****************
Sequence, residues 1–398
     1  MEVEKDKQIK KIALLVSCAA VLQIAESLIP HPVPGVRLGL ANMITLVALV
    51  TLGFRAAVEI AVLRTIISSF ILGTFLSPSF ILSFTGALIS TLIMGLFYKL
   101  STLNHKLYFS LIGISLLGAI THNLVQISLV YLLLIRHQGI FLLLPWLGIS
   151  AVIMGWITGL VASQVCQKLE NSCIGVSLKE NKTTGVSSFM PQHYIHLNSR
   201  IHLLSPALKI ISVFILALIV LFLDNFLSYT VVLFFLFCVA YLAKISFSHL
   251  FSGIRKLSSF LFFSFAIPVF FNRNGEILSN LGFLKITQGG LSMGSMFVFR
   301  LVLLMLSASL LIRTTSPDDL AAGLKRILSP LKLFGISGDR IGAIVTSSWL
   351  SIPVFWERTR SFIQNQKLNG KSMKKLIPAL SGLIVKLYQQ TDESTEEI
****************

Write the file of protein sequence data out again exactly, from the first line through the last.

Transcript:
Sequence, residues 1–398
     1  MEVEKDKQIK KIALLVSCAA VLQIAESLIP HPVPGVRLGL ANMITLVALV
    51  TLGFRAAVEI AVLRTIISSF ILGTFLSPSF ILSFTGALIS TLIMGLFYKL
   101  STLNHKLYFS LIGISLLGAI THNLVQISLV YLLLIRHQGI FLLLPWLGIS
   151  AVIMGWITGL VASQVCQKLE NSCIGVSLKE NKTTGVSSFM PQHYIHLNSR
   201  IHLLSPALKI ISVFILALIV LFLDNFLSYT VVLFFLFCVA YLAKISFSHL
   251  FSGIRKLSSF LFFSFAIPVF FNRNGEILSN LGFLKITQGG LSMGSMFVFR
   301  LVLLMLSASL LIRTTSPDDL AAGLKRILSP LKLFGISGDR IGAIVTSSWL
   351  SIPVFWERTR SFIQNQKLNG KSMKKLIPAL SGLIVKLYQQ TDESTEEI